Bahrain, one of the Arab Muslim countries with full diplomatic relations with the State of Israel has set an excellent example of interfaith harmony. According to media report, the consecration of the first cathedral in the Kingdom of Bahrain marks the latest advance in religious tolerance in the tightly controlled Islamic-majority region, although the number of churches in the Arab nation continues to be few, despite a burgeoning immigrant Catholic population.
On Dec. 10, Cardinal Luis Tagle, prefect of the Vatican Congregation for the Evangelization of Peoples, consecrated the Cathedral of Our Lady of Arabia in Awali, in central Bahrain, describing the new church as “a living sign of God’s care for his flock”.
A day earlier, King Hamad bin Isa Al Khalifa of Bahrain inaugurated the 95,000-square-foot, ark-shaped cathedral, which has a seating capacity of 2,300. The king donated the land to the Church in 2013, and the decision to build the church there was begun on Feb. 11 that year — the feast of Our Lady of Lourdes. Construction began in 2018.
The new cathedral is expected to be much in demand: Bahrain is home to about 80,000 Catholics, many of whom are immigrant workers from Asia, particularly the Philippines and India. But like many other countries in the Gulf, they suffer from a severe shortage of churches.
Until now, Bahrain had just two parishes: Sacred Heart in Manama, the kingdom’s capital, which is the oldest church in the region (opened in 1940), and a much smaller “outstation church” of Our Lady of the Visitation in Awali, 12 miles away from Manama.
These two churches were “insufficient to meet the needs of the Catholic population,” Bishop Paul Hinder, who administers the churches in Bahrain, told the Register. “Therefore, for Catholics in Bahrain, the new church will be very welcome”.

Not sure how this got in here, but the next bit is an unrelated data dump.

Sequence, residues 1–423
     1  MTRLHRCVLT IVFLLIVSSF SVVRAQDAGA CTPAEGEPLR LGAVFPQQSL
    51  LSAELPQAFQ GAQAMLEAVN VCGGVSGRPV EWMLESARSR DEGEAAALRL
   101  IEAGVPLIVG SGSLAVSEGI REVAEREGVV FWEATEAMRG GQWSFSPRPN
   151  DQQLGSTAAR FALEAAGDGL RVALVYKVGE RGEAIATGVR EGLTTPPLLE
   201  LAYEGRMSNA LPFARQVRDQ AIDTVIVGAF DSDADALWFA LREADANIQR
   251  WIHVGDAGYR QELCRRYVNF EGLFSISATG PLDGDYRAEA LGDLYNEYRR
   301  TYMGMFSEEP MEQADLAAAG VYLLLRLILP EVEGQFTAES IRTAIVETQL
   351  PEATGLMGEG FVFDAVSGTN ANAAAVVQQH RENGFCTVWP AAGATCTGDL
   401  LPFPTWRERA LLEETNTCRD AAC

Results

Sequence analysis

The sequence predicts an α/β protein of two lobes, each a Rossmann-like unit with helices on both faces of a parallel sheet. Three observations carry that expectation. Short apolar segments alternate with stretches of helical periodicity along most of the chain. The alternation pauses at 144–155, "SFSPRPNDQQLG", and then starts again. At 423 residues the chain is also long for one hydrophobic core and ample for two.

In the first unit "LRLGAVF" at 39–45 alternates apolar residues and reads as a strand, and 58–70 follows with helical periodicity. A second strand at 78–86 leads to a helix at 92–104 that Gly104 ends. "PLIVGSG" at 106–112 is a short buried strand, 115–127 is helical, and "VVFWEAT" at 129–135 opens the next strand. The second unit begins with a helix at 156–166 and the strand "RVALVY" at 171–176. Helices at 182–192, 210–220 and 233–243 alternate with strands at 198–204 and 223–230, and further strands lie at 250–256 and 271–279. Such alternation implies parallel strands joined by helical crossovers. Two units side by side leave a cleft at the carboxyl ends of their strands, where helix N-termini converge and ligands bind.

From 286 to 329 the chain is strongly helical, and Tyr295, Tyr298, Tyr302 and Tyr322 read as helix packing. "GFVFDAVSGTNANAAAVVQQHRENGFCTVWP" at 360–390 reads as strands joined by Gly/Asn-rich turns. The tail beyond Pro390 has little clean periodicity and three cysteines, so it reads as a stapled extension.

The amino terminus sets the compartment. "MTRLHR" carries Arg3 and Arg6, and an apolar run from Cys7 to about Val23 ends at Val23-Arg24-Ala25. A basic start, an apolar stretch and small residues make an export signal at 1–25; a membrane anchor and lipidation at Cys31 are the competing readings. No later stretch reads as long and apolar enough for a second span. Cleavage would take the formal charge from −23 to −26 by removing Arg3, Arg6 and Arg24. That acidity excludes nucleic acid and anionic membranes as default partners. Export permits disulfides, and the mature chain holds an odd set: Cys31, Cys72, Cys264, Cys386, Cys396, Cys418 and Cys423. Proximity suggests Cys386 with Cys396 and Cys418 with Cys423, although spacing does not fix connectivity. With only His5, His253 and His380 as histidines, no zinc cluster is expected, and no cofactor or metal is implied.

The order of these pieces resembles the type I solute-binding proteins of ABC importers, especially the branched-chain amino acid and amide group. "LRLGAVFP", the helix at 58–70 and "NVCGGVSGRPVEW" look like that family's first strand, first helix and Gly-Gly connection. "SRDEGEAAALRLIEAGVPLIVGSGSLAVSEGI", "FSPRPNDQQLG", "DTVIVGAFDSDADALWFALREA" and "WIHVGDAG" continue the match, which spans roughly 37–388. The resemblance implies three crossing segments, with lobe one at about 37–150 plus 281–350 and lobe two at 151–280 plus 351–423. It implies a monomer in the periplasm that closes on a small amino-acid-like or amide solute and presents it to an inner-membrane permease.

Bishop Hinder, a 79-year-old Swiss Capuchin, tends to the faithful across the entire Arabian Peninsula. As vicar apostolic of Southern Arabia based in Abu Dhabi, his flock resides in the United Arab Emirates (UAE), Oman and Yemen. But since last year, he has taken on responsibility for also serving the faithful in northern Arabia (Qatar, Kuwait, Bahrain and Saudi Arabia), temporarily administering the vast area after the former apostolic vicar, Bishop Camillo Ballin, an Italian-born Comboni missionary, died last year at the age of 75.
Under Bishop Ballin’s watch, Bahrain grew to prominence, after the vicariate’s seat was transferred there from Kuwait in 2012. Bishop Ballin, who became a Bahraini citizen, believed the kingdom would be a better “base from which to reach out more effectively to Catholics within the other countries in the vicariate,” according to Bishop Hinder.
In his address at the cathedral’s inauguration, Bishop Hinder noted how Bahrain became the “hub for the pastoral care of the Catholics residing on the shores of the Arabian Gulf,” replacing Aden, the Yemeni capital, in the first half of the 20th century. “It was possible only because of the openness of the ruler of Bahrain,” Bishop Hinder said.
Bahrain’s constitution declares Islam to be the official religion and sharia (Islamic law) to be a principal source for legislation. As with the rest of the Gulf, converts from Islam to Christianity or other religious groups are not well tolerated by society and face pressure from family members, community leaders and government officials. Evangelizing Muslims is also illegal.
But Bahrain has relatively more freedoms than other nations in the region. According to the latest US Department of State “Report on International Religious Freedom”, the country “provides for freedom of conscience, the inviolability of places of worship, and freedom to perform religious rites”.
And like much of the Arab world, considerable efforts have been made in recent years to make Bahrain society more tolerant and push a more liberal form of Islam.
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